Skip to comments.Male Brains Aren't Designed To Listen to Female Voices
Posted on 07/13/2011 9:43:33 AM PDT by freespirited
If you've ever spent time telling a guy a story or asking him a question, only to get a blank stare in response, then you know that there's definitely truth to this claim that guys weren't designed to hear us speak. I had a similar experience at brunch this weekend when I was going on and on to a male friend about something I can't even remember anymore. When I got to the end of my rant and finally asked him if he agreed with me on the topic at hand, his answer was, "sorry, I really wasn't listening to a word you said."
Even though I was incredibly frustrated with him, he did bring up a good point, asking, "would you rather I lie and say I heard you?" This little exchange, as insignificant as it was, did make me wonder exactly what it is that makes it so easy for men to tune us out.
As it turns out, a study published in the journal NeuroImage sought to answer the very same question. Researchers found that there are major differences in the way male and female brains process voice sounds. Different brain regions are activated in men, depending on whether they're hearing a male or female voice.
Apparently, the vibration and number of sound waves in our voice makes it harder for men to decipher what we're saying. When it comes to processing a woman's voice, they use the more complex auditory part of the brain that processes music, not human voices. But the guys in the study could easily hear and understand other mens voices as speech because that uses a simpler brain mechanism at the back of the brain.
So, next time you want to get angry and yell at a guy for "not listening," cut him a little slack his brain just wasn't made to hear you. My suggestion would be to speak slowly and get to your point fast.
Mrs. Colonel and I have had more than one robust discussion involving me saying, “I GOT your point 5 minutes ago! Why are we still talking about this?” and her saying, “I’m not DONE talking about it yet!”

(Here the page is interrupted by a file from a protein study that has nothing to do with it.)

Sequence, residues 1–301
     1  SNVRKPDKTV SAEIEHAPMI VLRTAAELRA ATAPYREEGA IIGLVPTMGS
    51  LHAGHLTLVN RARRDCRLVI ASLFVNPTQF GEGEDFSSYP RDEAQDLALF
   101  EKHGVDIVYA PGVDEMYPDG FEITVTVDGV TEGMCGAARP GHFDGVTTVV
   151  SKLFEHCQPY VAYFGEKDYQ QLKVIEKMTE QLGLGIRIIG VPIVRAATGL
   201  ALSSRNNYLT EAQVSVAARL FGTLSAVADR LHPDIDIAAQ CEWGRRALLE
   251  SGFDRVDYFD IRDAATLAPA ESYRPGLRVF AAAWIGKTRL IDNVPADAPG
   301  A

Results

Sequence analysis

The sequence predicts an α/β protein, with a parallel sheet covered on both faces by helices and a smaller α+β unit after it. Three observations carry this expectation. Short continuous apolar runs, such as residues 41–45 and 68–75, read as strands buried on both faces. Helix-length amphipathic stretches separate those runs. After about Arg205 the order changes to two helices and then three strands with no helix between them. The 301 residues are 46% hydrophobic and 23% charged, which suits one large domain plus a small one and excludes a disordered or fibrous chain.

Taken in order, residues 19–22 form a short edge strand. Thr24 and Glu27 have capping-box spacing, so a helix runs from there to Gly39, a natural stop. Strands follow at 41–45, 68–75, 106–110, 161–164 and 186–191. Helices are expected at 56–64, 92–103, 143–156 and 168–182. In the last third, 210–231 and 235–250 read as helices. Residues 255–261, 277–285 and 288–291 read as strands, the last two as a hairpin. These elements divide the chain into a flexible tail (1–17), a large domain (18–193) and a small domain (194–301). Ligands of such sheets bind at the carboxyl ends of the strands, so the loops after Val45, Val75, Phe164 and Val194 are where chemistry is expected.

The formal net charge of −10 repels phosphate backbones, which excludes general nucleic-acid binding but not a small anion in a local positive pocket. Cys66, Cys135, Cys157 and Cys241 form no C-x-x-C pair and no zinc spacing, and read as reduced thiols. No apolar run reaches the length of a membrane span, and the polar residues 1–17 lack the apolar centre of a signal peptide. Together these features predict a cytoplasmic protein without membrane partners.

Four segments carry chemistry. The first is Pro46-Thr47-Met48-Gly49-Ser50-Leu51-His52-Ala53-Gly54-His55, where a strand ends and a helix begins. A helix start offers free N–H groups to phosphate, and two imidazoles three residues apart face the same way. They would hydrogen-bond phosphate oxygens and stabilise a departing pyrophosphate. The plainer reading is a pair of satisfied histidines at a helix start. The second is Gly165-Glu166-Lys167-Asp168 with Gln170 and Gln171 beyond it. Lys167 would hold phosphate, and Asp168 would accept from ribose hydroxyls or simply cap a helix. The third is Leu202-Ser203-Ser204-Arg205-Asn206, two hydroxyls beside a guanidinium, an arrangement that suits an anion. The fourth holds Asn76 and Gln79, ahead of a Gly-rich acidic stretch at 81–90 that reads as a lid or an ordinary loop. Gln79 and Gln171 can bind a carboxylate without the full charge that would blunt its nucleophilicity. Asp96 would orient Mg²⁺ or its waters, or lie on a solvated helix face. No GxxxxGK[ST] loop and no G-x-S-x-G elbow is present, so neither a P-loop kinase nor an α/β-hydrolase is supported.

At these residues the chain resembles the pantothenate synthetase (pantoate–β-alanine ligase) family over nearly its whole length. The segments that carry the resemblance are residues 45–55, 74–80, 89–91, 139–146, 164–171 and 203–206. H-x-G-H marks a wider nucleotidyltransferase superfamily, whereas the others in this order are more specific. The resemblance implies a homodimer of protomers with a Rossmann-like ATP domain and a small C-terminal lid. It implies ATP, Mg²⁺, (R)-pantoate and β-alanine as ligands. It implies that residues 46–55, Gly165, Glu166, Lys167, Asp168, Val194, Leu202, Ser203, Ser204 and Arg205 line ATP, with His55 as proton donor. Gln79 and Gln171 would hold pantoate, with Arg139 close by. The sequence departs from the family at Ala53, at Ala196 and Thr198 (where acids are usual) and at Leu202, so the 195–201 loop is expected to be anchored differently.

26 years this August, and if that’s the worst disagreement we’ve had, I continue to consider myself blessed beyond description that I’m married to my best friend.
I love interpersonal communications threads. It’s a two way street. I try my best to listen to my wife, with my full attention. I think she tries her best to get to the point without giving me every last detail and not go on and on about the latest workplace drama.
That explains why since childhood I have loved hearing women chatter but never pay attention to nor can I recollect anything they have said. It’s like soothing instrumental music.
From the article:
“. . . I was going on and on to a male friend about something I can’t even remember anymore.”
Then why do they use simulated female voices in cockpit warnings? This is settled science - not.
She needs to tune her message to her audience.
As a general observation, I think public address systems are not a “friend” to female voices.
Exactly what I was thinking. 2 days after it happened and she can't remember what it was she was talking about. It must not have really been that important. Should we say women are inacapable of memorable conversations? Makes as much sense.
I’m sending this link to all my ex’s with the note, “I was wrong. It was you, not me.”
“going on and on”, ie, “venting her feelings”.
Not something a guy is really interested in.
Got something we can fix? State the problem, we’ll give you our best solution.
Want to “vent”? That’s not what we’re for. We’ll act like we’re listening, but to us, there’s really no point in it. Just let her talk & “vent”, but don’t waste processing power on it.
White noise, perhaps?
it’s nice being married to a woman that speaks a foreign language. It’s twice as easy to not pay attention to what she’s nagging about!
This author is thinking too much about it... (typical girl)
Dave Barry spells it out perfectly here:
Let’s say a guy named Fred is attracted to a woman named Martha. He asks her out to a movie; she accepts; they have a pretty good time. A few nights later he asks her out to dinner, and again they enjoy themselves. They continue to see each other regularly, and after a while neither one of them is seeing anybody else.
And then, one evening when they’re driving home, a thought occurs to Martha, and, without really thinking, she says it aloud: “Do you realize that, as of tonight, we’ve been seeing each other for exactly six months?”
And then, there is silence in the car.
To Martha, it seems like a very loud silence. She thinks to herself: I wonder if it bothers him that I said that. Maybe he’s been feeling confined by our relationship; maybe he thinks I’m trying to push him into some kind of obligation that he doesn’t want, or isn’t sure of.
And Fred is thinking: Gosh. Six months.
And Martha is thinking: But, hey, I’m not so sure I want this kind of relationship either. Sometimes I wish I had a little more space, so I’d have time to think about whether I really want us to keep going the way we are, moving steadily towards, I mean, where are we going? Are we just going to keep seeing each other at this level of intimacy? Are we heading toward marriage? Toward children? Toward a lifetime together? Am I ready for that level of commitment? Do I really even know this person?